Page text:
Hank: Five Years From the Brink
Now Streaming on Netflix
Several have written about him and the financial crisis he oversaw as Hank Paulson, the former treasury secretary for the United States, had humane aspects that made him more relatable than his administrative predecessors. During press conferences and appearances on various news programs Paulson was visibly shaken as he attempted to explain to the American people that bailing out financial institutions meant saving them.
The writer and financial protégée Andrew Ross Sorkin in his 2009 book Too Big to Fail, described Paulson as a devoted husband and avid bird watcher, which gave Paulson a tangible element that crossed over into an HBO movie that made Paulson its focal point. Yet Paulson was never allowed the luxury of smoke and mirrors—the bailout needed a face and with his candor to Ben Burnanke’s stoicism, Paulson was perfect for the job.
Joe Berlinger who was part of the directing team that brought us theParadise Lost Trilogy, decided he wanted Paulson alone in a chair while clips of financial woe dribble across the screen. Berlinger is using the same style as Errol Morris in Fog of War, a brilliant film in which Robert McNamara chronicles his career and role in the Vietnam War. Although Paulson shares some of the same charisma as McNamara, the film is unfortunately dull. There is only so many images of falling NASDAQ numbers and news clips of former employees walking out with boxes a person can take, Morris’ clips were more metaphorical than informative, while Berlinger has merely prolonged a 60 Minutes interview. The cartoonish graphs inevitably take a dive in the title sequence, which has become more gratuitous for stock market movies than sex scenes in Game of Thrones.
We don’t really learn anything new in this documentary other than Paulson’s take on the crisis and its development (or lack thereof) five years later. Particularly excruciating is Paulson’s and Berlinger’s triangular attempt at breaking down the cause of the financial crisis, materials for making flashcards will be necessary. The Inside Job uncovers the complexities of derivatives and the housing market in a more humane manner, yet the rewind button will always be necessary when it comes to how exactly bad debt transformed into a financial meltdown. For the highlighted version Michael Lewis’ The Big Short and Sorkin’s book are also must reads on the topic.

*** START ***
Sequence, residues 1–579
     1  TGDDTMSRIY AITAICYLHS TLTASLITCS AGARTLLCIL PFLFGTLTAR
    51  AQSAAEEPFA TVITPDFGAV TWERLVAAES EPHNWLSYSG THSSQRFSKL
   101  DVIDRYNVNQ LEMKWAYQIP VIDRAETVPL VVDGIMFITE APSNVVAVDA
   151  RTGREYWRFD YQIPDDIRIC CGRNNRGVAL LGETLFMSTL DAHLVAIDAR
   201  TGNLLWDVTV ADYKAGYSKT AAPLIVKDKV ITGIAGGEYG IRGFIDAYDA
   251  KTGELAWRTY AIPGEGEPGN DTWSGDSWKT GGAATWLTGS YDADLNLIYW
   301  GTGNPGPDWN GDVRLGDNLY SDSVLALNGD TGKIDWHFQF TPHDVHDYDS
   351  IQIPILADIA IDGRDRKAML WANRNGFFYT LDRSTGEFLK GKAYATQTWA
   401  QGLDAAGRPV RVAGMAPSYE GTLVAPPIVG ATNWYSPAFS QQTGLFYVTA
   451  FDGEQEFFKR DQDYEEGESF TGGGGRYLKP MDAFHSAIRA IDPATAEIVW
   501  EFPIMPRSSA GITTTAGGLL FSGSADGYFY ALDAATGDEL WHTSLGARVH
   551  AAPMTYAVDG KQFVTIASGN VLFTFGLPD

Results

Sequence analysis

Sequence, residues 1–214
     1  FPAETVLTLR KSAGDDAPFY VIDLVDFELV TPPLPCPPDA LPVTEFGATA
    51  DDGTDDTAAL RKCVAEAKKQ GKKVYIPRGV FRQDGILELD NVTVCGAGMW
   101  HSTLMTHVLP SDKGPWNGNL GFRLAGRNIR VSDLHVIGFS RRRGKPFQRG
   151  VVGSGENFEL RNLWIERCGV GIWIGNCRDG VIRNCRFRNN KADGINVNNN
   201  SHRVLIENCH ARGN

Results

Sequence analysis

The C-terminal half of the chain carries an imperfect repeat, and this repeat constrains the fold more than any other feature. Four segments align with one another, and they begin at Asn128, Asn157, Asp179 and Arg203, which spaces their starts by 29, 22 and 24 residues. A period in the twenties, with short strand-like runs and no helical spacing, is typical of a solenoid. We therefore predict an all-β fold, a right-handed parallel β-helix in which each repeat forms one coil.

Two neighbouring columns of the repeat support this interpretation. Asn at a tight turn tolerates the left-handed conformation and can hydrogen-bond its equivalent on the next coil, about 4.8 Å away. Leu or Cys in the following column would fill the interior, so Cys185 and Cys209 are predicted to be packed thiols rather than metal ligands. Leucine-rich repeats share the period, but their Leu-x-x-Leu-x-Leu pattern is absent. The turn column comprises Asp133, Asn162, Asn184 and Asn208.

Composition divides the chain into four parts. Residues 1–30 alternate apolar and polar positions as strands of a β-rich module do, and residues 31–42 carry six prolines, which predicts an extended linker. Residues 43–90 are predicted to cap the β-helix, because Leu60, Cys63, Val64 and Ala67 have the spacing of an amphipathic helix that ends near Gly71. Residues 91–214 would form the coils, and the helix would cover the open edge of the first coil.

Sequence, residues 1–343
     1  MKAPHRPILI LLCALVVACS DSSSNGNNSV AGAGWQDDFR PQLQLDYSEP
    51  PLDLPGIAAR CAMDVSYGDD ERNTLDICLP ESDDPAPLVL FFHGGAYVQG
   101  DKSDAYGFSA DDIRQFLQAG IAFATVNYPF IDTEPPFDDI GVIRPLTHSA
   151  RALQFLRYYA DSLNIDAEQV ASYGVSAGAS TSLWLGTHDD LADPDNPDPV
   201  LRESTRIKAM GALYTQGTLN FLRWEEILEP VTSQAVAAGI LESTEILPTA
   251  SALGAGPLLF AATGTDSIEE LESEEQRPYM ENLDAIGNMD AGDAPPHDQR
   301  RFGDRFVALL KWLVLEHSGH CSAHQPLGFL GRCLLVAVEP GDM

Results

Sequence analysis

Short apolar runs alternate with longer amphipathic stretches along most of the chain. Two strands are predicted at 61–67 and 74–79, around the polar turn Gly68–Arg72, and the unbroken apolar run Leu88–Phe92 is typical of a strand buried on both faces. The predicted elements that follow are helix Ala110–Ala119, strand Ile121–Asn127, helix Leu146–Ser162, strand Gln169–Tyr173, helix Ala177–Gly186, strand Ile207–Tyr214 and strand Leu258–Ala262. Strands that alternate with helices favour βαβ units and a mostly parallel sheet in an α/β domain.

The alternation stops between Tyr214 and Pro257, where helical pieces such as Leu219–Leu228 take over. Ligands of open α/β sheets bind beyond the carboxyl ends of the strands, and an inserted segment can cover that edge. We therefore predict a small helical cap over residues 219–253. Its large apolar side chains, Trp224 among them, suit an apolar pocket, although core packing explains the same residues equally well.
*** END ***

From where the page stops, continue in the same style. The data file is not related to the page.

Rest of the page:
What Berlinger does make appealing is his rendering of Paulson’s upbringing and personal life. Besides Paulson the only person interviewed for the film is his wife Wendy Judge Paulson, who comes off as more power lesbian than real housewife of Goldman Sachs. She details their first date at the symphony when Hank threw a paper airplane at the conductor, Wendy wanted to leave immediately. Hank would eventually grow on her and the couple would live comfortably but not ridiculously while Paulson was working for Goldman Sachs, eventually becoming CEO of the financial giant.
Paulson’s emotions remain raw despite the changing of the guards (Timothy Geithner would replace Paulson as the Treasury Secretary, a post which is currently held by Jacob Lew). Although financial endeavors have always been an aspect of Paulson’s success he is able to admit they are also a part of his great dilemma —not regulating how financial institutions would utilize the bail money:
I knew Americans were angry when they thought the banks were hoarding and not lending as much as they would have liked. But how does the government make the banks lend? [… ]Do you want the government making lending decisions for the banks? That’s a recipe for disaster […] In addition to not lending, huge bonuses were being paid to some bank executives. That infuriated me—the sheer cheekiness of it. Forget whether they were legally entitled to their bonuses, it was such a graceless lack of self-awareness and a total lack of understanding about how the rest of the world and the rest of America looked at them.
The audience should also take note that the film was produced by Bloomberg Business Week who recently did a cover story on the financial star. Aspects of damage control are present, but like Jackie Siegel in Queen of Versailles, you can’t help but like Paulson even though we have been conditioned to hate what the Doc stars represent— who they are makes us keep watching.